Wednesday, March 09, 2005

Heart of the World

As part of my Lenten mediations this year, I’ve been re-reading The Heart of the World by Hans Urs Von Balthasar. Even in translation, the force of his metaphors shapes words into images that pierce with heart with stunning clarity. I might try to jot down a few highlights that are cause for particular celebration.

Von Balthasar opens by focusing upon the thrust of the book, the cross of Christ at the center of all things. He says,
The very form of the cross, extending out into the four winds, always told the ancient Church that the Cross means solidarity: its outstretched arms would gladly embrace the universe. (13)

He quotes Cyril of Jerusalem, “On the Cross God stretched out his hands to encompass the bounds of the universe.” The cross is real power revealed in real weakness, and it reveals the love of God that beats as the heart of all things—anticipating and sustaining all things by his Word alone.

The broken body of Christ becomes the focal point of the people of God. And in Christ we who were not a people become a people. Thus the cross is at the heart of all restored relations: between man and God and between man and man.

In chapter 1, Von Balthasar highlights the despondent condition of humanity: “Prisons of finitude! Like every other being, man is born in many prisons.” In the fall, the cosmic harmony of particularity and universality collapse. All humans wander alone in their grief—longing for and resisting the restored bonds of relation. He says,
How far it is from one being to its closest neighbor! And even if they love each oter and wave to one another from island to island, even if they attempt to exchange solitudes and pretend they have unity, how much more painfully does disappointment then fall upon them when they touch invisible bars—the cold glass pane against which they hurl themselves like captive birds. No one can tear down his own dungeon; no one knows who inhabits the next cell. (19)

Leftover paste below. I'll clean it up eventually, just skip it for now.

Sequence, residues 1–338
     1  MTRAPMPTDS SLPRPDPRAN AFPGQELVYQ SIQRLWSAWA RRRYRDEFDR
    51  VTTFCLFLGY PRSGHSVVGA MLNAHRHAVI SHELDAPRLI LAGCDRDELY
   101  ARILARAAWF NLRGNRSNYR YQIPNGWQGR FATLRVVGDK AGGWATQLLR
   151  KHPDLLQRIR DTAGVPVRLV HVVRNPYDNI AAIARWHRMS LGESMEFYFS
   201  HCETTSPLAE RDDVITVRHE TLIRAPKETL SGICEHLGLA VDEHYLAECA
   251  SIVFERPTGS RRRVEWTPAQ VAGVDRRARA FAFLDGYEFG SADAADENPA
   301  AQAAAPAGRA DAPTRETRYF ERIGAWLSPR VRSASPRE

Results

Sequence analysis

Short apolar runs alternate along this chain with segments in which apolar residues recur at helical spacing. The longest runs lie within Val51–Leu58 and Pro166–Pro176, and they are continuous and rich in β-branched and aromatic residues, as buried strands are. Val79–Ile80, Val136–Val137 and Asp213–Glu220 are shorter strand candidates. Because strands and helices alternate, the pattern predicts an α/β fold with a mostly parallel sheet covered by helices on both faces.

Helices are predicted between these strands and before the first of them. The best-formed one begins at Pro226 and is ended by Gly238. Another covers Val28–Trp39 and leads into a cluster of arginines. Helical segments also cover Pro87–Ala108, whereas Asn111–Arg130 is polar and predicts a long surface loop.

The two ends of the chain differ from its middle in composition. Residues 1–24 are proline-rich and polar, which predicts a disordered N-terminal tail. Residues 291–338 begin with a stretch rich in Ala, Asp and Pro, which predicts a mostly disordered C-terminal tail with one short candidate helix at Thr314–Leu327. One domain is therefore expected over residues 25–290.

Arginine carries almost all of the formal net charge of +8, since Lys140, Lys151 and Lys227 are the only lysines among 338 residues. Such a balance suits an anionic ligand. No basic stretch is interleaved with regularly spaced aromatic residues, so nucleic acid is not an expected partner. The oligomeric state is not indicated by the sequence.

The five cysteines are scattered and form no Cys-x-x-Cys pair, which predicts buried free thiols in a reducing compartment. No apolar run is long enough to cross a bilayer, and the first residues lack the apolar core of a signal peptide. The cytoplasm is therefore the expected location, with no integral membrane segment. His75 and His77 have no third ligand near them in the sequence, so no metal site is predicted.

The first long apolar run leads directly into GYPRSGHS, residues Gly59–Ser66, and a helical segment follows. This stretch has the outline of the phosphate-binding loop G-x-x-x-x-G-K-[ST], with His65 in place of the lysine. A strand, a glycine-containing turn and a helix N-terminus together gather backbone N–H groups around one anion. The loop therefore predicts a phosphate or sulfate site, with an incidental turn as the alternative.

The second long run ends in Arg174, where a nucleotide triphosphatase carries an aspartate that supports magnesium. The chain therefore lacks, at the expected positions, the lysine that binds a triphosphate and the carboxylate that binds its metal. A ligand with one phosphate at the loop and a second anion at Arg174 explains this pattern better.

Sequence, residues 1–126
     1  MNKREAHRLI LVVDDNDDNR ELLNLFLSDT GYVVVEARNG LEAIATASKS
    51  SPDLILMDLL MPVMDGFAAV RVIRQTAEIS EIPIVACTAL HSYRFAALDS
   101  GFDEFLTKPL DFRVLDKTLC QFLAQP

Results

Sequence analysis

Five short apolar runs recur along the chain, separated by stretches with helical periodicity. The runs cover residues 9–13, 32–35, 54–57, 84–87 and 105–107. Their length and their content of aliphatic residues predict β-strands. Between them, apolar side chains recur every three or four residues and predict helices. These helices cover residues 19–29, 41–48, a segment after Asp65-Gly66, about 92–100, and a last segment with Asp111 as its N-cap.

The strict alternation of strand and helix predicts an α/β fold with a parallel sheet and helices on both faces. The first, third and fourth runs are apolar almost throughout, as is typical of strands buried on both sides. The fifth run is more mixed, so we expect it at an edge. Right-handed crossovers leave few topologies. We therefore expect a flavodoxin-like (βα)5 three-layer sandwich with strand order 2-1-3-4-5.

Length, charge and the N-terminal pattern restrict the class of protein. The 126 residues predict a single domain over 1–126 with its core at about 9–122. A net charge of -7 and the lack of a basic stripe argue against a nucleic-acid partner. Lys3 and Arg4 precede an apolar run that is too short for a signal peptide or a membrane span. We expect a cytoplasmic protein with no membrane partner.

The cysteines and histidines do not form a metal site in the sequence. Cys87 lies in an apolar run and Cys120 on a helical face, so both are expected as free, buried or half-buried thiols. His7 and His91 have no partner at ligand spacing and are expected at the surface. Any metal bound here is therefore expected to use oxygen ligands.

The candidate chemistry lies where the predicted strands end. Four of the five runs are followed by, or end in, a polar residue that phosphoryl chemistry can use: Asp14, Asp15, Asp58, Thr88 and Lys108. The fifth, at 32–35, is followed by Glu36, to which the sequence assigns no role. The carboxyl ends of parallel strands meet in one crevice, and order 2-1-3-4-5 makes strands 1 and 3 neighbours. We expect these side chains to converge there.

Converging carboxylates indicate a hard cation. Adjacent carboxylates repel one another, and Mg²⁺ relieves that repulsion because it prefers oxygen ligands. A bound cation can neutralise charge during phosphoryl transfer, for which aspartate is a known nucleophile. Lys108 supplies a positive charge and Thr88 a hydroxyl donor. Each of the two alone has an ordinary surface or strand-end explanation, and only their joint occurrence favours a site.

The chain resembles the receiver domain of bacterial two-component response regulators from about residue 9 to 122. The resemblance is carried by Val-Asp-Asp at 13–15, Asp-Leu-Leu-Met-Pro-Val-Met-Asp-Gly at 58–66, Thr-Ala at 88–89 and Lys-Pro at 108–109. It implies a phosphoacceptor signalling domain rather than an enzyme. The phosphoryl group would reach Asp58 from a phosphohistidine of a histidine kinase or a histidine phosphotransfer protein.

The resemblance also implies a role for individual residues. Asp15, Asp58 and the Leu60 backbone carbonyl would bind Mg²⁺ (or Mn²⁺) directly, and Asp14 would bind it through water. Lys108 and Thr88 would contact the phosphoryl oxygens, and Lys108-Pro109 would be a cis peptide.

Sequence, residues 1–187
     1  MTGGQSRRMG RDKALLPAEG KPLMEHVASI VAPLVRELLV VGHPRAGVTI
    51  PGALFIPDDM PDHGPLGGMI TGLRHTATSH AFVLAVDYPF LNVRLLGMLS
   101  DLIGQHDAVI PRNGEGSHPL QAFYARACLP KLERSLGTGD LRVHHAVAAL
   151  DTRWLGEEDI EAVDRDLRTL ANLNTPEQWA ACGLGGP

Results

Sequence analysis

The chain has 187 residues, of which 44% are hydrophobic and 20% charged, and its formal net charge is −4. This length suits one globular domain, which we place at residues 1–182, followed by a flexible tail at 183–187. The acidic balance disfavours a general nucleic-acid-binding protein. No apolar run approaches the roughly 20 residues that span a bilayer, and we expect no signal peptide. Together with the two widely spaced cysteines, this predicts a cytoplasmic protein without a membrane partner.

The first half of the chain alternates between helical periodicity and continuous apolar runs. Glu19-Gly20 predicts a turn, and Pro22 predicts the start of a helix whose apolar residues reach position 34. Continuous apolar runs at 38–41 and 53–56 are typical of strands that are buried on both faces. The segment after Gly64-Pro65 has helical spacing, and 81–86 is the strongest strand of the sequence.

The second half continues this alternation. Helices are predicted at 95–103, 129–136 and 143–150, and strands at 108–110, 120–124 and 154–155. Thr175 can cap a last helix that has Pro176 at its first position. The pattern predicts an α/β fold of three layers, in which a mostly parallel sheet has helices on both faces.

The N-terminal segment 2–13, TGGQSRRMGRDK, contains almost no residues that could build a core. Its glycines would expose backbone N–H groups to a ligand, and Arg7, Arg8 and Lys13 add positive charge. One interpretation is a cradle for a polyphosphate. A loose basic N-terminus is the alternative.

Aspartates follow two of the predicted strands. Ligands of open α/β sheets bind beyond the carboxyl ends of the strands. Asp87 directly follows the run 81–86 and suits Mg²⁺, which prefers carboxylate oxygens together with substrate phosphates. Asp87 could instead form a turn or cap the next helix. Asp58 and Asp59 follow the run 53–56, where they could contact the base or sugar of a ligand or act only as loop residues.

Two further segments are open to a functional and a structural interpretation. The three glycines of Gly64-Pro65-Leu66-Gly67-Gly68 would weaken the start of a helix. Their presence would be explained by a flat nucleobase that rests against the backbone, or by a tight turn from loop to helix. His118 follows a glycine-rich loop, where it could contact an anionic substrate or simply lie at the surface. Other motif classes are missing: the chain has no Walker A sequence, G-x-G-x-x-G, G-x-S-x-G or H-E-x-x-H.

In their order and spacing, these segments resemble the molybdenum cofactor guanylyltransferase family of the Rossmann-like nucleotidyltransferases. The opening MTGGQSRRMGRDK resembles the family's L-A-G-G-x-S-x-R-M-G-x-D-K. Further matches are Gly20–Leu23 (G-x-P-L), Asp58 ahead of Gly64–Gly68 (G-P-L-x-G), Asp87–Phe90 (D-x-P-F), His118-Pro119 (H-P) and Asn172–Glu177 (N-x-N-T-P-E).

We as isolated beings long for communion, but we don’t live in a vacuum. We live in the endlessly moving stream of time. “The rigid ground under is already beginning to tremble and give way” (21). In one sense, all of existence appears in a flux. He says,
Are you grieving? Trust Time: soon you will be laughing. Are you laughing? You cannot hold fast your laughter, for soon you will be weeping. You are blown from mood to mood, from one state to another, from waking to sleeping and from sleeping again to waking. (21)

Time continues to swirl and move and nothing can stop it. “You cannot draw the river onto the dry bank, there to trap its imperative to flow, as if it were a fish” (22). “The wise among men seek to fathom the foundations of existence, but all they can do is to describe one wave of the current” (22). As Von Balthasar continues discussing the ever changing, transforming nature of time, he looks to the fact of our existence in this ocean as a sign of love. And the rhythm of the oceans of time might be likened to the beating of a heart, the heart of this world: the love of God. Beneath the ever changing flux of existence, beneath the seeming chaos of this world, is a love that cannot be denied.
You sense Time and yet have not sensed this heart? You feel the stream of grace which rushes into you, warm and red, and yet have not felt how you are loved? You seek for a proof, and yet you yourself are that proof. You seek to entrap him, the Unknown One, in the mesh of your knowledge, and yet you yourself are entrapped in the inescapable net of his might. You would like to grasp, but you yourself are already grasped. You would like to overpower and you yourself being overpowered. You pretend to be seeking but you have long (and for all time) been found. (29)

As long as we are blind to the hand of God that sustains and supports our every breath, we continue to struggle in the darkness like blind, drunk men. But when God in His grace opens our eyes to the presence of His love, the isolation of space and endless flux of time become the very realms where I rest in the endless flow of His love. I am his servant and He is Lord of all.

2 comments:

David M said...

I tried to publish a blog which concerned myself ever brooding over something whose name nor defintion can either be identified. Alas, due to popup blockers, it was erased. Yet, this soul searching is essentially a longing for peace and love, which theologically exist. Tozer, among others, says that God is everspeaking. Why is it so hard to hear?

Doug Floyd said...

Good question. And good word: brooding (pregnant with energy).